A new chant was born at a jubilant FedEx Field on Sunday — one that sounded like “U-S-A! U-S-A!” when brayed by 80,204 revelers but, in fact, was “You Like That! You Like That!”

It was a tribute to quarterback Kirk Cousins, who threw for four touchdowns and ran for another in leading the Washington Redskins to a 35-25 victory over the Buffalo Bills, taking one more step toward an NFL playoff berth that seemed implausible a few weeks ago.

With it, the Redskins strung together back-to-back victories for the first time this season, improved to 7-7 (.500 for the first time since Week 4) and, with the Giants’ 38-35 loss to Carolina, moved into first place in the NFC East. The Philadelphia Eagles also dropped a game back when they fell to the Arizona Cardinals, 40-17, on Sunday night.

Only the most zealous Redskins faithful would have predicted such a scenario for a team that had won just seven games since 2012 and opened the 2015 season with Coach Jay Gruden’s controversial decision to put a turnover-prone backup in command of the offense.

But Cousins was one-tenth of a point shy of statistical perfection in Sunday’s regular season home finale, based on the NFL passer-rating metric, completing 22 of 28 throws for 319 yards, four touchdowns and a 13-yard run for another score.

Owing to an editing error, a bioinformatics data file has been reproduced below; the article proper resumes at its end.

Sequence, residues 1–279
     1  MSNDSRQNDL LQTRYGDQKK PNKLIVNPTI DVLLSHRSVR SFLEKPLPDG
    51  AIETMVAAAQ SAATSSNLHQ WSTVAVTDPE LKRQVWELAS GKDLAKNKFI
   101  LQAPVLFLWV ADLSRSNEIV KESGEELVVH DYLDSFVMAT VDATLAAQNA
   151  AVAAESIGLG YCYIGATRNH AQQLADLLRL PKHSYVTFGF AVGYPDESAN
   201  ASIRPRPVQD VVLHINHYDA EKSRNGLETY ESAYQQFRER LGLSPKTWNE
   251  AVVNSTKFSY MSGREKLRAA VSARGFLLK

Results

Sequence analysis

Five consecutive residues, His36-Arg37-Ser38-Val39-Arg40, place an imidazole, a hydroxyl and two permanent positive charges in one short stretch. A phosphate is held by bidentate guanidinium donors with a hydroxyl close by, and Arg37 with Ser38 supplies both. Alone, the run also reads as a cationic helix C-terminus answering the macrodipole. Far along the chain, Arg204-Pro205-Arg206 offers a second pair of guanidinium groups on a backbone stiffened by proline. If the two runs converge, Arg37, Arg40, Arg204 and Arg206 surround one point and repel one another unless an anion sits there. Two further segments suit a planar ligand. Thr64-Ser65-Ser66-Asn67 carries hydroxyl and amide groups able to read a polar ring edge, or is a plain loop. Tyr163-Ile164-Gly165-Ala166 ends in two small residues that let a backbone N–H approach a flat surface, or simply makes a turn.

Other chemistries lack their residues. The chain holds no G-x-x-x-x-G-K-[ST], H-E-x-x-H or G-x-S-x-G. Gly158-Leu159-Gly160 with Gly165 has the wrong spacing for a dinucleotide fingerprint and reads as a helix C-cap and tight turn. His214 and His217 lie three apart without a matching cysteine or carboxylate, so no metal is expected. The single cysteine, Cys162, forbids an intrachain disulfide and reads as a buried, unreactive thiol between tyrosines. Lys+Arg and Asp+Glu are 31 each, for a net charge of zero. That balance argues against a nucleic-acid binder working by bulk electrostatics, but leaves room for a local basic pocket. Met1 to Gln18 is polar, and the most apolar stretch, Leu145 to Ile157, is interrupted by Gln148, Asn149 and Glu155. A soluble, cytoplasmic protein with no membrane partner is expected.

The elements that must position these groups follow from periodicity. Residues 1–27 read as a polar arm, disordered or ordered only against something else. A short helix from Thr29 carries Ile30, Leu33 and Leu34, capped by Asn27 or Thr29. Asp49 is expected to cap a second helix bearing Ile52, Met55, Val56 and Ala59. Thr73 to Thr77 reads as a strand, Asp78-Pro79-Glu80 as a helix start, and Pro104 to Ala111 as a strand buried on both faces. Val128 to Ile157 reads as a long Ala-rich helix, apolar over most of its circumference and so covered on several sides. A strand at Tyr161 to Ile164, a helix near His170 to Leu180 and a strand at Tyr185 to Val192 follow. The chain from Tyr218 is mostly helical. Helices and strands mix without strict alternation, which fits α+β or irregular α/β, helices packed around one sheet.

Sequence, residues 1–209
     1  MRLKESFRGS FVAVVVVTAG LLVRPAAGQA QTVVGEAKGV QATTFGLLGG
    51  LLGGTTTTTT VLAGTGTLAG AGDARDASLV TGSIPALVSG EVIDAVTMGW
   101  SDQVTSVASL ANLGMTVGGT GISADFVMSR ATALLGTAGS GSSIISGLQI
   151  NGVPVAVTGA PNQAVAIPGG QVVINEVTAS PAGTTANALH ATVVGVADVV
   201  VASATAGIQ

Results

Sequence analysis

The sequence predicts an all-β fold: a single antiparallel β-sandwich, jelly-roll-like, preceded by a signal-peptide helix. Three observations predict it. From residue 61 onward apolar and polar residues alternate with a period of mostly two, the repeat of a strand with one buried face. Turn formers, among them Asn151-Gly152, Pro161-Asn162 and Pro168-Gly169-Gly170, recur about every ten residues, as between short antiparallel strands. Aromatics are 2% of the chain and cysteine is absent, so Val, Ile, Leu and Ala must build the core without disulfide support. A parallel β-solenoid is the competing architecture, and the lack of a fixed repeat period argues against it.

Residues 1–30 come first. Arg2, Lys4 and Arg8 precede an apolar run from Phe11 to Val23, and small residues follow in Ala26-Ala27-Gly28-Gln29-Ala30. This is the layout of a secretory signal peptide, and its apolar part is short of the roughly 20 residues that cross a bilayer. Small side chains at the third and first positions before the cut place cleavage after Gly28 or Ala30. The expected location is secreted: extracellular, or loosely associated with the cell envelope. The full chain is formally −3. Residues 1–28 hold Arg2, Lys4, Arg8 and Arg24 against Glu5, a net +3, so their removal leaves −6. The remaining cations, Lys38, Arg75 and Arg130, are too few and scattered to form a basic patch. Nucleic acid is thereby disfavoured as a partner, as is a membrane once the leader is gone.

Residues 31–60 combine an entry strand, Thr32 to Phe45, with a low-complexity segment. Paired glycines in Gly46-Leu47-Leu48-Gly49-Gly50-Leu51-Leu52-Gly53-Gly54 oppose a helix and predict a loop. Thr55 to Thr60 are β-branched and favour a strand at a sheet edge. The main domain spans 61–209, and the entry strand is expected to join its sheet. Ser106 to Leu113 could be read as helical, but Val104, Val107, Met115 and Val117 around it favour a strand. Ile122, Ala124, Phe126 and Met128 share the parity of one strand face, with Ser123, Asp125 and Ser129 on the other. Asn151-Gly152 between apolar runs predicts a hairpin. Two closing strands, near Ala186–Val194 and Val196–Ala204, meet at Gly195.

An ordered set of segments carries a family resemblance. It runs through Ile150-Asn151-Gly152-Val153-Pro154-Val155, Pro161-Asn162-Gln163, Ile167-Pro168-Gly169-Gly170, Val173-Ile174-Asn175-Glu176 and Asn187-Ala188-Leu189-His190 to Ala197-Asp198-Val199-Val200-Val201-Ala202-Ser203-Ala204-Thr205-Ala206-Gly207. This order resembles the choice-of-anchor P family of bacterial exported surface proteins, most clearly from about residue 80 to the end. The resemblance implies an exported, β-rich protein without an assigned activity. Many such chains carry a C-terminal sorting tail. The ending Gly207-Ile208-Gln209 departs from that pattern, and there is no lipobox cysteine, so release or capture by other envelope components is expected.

The Washington Post's Gene Wang and Scott Allen discuss the Redskins' win over the Buffalo Bills. (Sarah Parnass and Kyle Barss/The Washington Post)

“You Like That!” was what Cousins shouted after the Redskins stormed back from a 24-0 deficit to beat Tampa Bay in Week 7. On Sunday, it became the anthem of a fan base that’s now proud to call Cousins its own — an anthem so deafening that Gruden had to turn up the volume on his headset to communicate.

Cousins was hardly the only hero on the day.

The Redskins’ defense pitched a first-half shutout, sacked Bills quarterback Tyrod Taylor five times and three times dropped running back LeSean McCoy for no gain on the 1-yard line. The final numbers were ugly, however, with the Bills rolling up 359 of their 452 total yards in the second half.

DeSean Jackson, limping on a bruised left knee when last seen on a playing field, caught six passes for 153 yards — including an electrifying 77-yard touchdown that quashed any thought of a Bills rally. Jackson’s speed was so blinding as he raced into the end zone, ball aloft in his right hand, that it forced Bills Coach Rex Ryan to reevaluate the three-time Pro Bowl honoree.

To that point, Ryan was convinced his squad could mount a comeback and had assigned two defenders to Jackson to preserve his chance.

“Needless to say, it broke our back there,” Ryan said of the play. “I never thought [Jackson] was Jerry Rice, but I guess I was wrong.”

Redskins tight end Jordan Reed celebrates his first-quarter touchdown with tackle Trent Williams as quarterback Kirk Cousins. Washington is now 7-7 and still in first in the NFC East. (Jonathan Newton/The Washington Post)

Tight end Jordan Reed caught touchdown passes of three and 18 yards. And running back Alfred Morris rushed for 84 yards.